• A.J. Pollock – A threat on the base paths in addition to being dangerous at the plate, Pollock looked like an early MVP candidate in 2018. Then he did what he always does. He dove for a catch in center field and broke his thumb. Pollock has superstar talent but his body has done nothing to allow him to harness it. He’s missed 40 games each of the last two seasons and missed nearly all of 2016.
In order to bring him in, a team would need depth in the outfield – one thing the Cubs have currently have aplenty. However, the Cubs could use a guy to stabilize the position when healthy. Pollock could do that especially with Ian Happ and Albert Almora available to spell him when he is inevitably on the shelf. Pollock would come cheaper than Harper and Machado, but he will also be targeted by a slew of other teams. A good runner on the base paths, a solid hitter and good defender, Pollock has always been a guy brimming with five-tool talent. But the body has not held up for a majority of his career.
The In-house Candidates
• Kyle Schwarber – The guy most Cubs fans and probably even the Cubs organization would like to finalize their core would have to be Kyle Schwarber. The most fiscally responsible option as he’s home grown and currently still under team control through 2021. Schwarber has as much raw power as any hitter in the league, and in stretches, has been a star in his own right. When he’s locked in at the plate, his hands explode to the ball and he hits absolute tanks.
The lack of consistency and avoiding long drawn out offensive droughts has been what has held Schwarber back from being a guy taking that next step. He’s become, at the very least, an adequate left fielder, but if he can’t consistently crack the lineup against lefties, he can’t be relied upon day in and day out. It’s likely he is one of the guys Theo Epstein was talking about when he addressed production versus potential in assessing the roster during his end-of-the-year address. In the event the Cubs address this need via free agency, it’s likely Schwarber is a candidate to be traded for help elsewhere on the roster.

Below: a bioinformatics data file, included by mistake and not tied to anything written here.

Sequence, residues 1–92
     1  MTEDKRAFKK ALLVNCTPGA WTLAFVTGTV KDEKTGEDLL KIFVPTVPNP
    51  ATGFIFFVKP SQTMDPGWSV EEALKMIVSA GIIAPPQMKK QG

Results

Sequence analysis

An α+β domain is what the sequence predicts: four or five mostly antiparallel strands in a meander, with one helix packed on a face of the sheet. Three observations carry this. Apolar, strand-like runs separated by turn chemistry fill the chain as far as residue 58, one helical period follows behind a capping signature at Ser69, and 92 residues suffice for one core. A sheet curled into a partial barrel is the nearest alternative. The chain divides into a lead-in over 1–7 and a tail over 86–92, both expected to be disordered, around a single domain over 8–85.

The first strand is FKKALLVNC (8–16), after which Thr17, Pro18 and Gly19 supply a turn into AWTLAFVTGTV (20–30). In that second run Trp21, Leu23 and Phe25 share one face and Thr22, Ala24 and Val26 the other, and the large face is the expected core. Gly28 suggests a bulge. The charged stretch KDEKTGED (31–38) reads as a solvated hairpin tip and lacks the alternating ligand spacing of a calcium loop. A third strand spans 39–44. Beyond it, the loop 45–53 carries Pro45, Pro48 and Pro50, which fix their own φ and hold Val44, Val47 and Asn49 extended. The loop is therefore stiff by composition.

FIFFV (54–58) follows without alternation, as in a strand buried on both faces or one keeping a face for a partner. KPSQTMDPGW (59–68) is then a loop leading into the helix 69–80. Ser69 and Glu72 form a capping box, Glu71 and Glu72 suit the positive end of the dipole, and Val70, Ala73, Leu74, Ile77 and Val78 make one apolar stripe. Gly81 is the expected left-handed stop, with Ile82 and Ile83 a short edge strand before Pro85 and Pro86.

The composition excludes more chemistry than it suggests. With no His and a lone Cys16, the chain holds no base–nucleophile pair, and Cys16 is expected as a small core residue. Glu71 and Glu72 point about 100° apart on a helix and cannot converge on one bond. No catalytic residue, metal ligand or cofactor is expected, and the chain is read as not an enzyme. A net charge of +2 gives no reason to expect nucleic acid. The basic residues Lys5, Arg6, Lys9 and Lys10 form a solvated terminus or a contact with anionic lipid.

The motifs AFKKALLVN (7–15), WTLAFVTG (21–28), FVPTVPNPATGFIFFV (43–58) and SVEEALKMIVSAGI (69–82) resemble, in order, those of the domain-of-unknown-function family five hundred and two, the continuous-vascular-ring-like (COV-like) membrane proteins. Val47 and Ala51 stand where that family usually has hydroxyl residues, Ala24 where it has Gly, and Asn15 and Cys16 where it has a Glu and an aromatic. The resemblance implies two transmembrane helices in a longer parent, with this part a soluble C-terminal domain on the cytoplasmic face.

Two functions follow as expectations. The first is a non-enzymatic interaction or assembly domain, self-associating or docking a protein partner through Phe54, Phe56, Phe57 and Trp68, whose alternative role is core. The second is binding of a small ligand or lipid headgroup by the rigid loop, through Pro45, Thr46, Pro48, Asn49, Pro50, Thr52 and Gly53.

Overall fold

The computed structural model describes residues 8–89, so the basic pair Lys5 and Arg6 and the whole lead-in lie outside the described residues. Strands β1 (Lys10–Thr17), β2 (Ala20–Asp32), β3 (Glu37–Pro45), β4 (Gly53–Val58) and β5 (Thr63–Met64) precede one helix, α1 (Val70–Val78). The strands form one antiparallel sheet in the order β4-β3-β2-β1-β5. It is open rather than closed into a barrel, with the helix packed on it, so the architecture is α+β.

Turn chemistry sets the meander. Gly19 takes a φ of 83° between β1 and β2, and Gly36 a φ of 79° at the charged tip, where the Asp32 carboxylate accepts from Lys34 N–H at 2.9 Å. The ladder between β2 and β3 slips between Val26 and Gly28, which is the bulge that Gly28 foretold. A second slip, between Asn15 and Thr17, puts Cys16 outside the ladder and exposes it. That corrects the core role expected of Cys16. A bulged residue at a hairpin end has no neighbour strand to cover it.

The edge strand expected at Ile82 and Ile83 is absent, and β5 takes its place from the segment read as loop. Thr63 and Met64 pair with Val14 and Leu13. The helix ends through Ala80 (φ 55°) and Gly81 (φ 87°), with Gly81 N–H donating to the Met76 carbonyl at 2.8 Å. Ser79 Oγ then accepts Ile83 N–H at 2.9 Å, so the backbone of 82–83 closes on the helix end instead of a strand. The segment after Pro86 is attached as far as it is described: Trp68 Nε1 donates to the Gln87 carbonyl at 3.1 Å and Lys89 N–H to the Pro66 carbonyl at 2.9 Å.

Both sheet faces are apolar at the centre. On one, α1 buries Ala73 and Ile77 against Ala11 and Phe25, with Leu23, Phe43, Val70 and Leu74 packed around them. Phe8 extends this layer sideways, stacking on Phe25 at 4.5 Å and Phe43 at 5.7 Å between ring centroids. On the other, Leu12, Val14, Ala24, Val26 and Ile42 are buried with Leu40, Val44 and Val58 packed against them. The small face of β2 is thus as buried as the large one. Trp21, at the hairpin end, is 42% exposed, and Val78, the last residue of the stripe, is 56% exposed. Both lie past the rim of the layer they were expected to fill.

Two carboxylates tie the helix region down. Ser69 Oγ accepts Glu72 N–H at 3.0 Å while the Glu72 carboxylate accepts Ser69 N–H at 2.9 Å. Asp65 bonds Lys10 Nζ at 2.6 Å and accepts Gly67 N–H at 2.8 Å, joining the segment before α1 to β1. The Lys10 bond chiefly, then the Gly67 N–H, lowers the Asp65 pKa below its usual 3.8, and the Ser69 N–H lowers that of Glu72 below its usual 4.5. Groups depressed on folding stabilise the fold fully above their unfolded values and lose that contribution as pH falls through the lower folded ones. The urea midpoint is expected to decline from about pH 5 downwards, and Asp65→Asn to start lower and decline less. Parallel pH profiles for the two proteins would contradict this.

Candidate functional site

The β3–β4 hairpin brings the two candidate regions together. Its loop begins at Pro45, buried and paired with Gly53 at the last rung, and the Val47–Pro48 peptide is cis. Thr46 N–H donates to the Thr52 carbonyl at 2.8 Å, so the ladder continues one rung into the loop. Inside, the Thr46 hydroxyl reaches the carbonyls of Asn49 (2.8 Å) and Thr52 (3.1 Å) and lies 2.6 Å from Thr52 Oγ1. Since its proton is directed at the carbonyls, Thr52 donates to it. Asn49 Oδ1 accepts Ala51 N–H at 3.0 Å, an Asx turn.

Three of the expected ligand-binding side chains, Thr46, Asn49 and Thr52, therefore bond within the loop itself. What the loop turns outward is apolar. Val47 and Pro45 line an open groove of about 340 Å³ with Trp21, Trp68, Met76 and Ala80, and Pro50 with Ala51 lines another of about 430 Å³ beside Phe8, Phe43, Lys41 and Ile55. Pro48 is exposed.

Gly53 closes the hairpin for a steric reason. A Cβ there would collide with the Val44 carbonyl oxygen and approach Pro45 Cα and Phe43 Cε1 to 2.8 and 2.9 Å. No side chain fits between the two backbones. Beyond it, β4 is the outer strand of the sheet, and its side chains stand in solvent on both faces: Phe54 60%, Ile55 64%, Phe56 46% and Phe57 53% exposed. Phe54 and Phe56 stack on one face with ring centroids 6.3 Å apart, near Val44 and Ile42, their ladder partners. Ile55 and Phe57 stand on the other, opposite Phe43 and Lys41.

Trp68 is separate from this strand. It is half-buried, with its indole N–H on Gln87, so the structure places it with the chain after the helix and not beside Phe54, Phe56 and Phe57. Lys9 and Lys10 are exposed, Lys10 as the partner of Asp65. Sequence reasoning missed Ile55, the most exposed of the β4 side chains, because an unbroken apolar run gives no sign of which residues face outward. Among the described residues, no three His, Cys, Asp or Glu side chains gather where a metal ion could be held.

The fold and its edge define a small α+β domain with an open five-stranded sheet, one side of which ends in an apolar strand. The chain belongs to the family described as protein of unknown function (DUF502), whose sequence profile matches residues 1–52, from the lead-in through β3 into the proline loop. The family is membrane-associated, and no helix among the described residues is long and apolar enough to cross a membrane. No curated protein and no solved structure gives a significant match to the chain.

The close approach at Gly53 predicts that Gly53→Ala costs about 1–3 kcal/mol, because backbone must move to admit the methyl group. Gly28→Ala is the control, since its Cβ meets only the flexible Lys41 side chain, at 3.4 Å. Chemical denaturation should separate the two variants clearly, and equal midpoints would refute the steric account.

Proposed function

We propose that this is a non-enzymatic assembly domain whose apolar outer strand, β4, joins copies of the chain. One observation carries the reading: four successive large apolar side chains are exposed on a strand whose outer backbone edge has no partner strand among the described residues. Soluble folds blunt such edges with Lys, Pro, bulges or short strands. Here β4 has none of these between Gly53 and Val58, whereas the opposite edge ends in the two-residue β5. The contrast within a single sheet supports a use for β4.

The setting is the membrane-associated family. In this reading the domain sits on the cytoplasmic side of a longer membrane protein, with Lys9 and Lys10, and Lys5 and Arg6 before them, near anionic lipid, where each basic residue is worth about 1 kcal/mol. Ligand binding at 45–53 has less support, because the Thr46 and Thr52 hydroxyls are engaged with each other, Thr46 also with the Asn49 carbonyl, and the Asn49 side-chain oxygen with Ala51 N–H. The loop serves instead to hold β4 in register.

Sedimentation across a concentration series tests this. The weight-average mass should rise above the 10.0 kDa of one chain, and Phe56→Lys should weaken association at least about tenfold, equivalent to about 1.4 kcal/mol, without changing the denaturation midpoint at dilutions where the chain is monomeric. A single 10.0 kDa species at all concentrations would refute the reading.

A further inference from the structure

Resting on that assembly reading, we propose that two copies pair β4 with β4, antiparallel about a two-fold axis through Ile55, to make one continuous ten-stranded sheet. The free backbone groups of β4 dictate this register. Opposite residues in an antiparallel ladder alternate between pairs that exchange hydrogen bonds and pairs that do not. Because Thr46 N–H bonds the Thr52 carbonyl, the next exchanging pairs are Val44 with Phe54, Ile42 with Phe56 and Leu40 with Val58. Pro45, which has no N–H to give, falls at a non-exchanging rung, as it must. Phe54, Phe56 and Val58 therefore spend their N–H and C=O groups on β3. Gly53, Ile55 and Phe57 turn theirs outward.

• Willson Contreras – The other in-house talent, Contreras was a guy many thought could be a dark-horse candidate for NL MVP in 2018 coming of a torrid second half of 2017. That never materialized. Contreras has more much more power than he showed in 2018. Everyone expected much more than 10 home runs from a guy who spent a chunk of the season in the heart of the Cubs’ lineup. Still only 26 years old, Contreras does have some value defensively but still needs to develop his skills as a signal caller behind the plate. A fiery competitor who clearly wants to be great, Contreras has the skills to be that missing piece but also the same issues that plague Schwarber – consistency has been missing.
He’s a great athlete and an aggressive runner, often times to his detriment when paired with his too frequent poor decision-making. Being a catcher, Contreras is tasked with more than just being a hitter, but he has the skills to be one of the best in all of baseball. It’s time to see that through. He can be an MVP but if he has another season like 2018, he may be finding a new home in 2020. Joe Maddon and Theo Epstein need to figure out how to maximize those skills day in and day out.
This is not to diminish the need for other pieces in a lineup. Each of the teams I mentioned have other parts that vault them into contender status. Some, like the Red Sox, are also loaded with starting pitching and a solid bullpen. The Yankees have other potential stars in Gleyber Torres and Miguel Andujar. The Astros and Cubs are made up of champions who know how to win in October. But all of the contenders have that contingent of guys to lean on in their lineups everyday and even more so into October.
Whether it means spending more of the Ricketts’ family money or having your own guys take the next step, Theo Epstein and Joe Maddon have to find that extra piece. Otherwise the Cubs will spend another year falling short of a second World Series ring.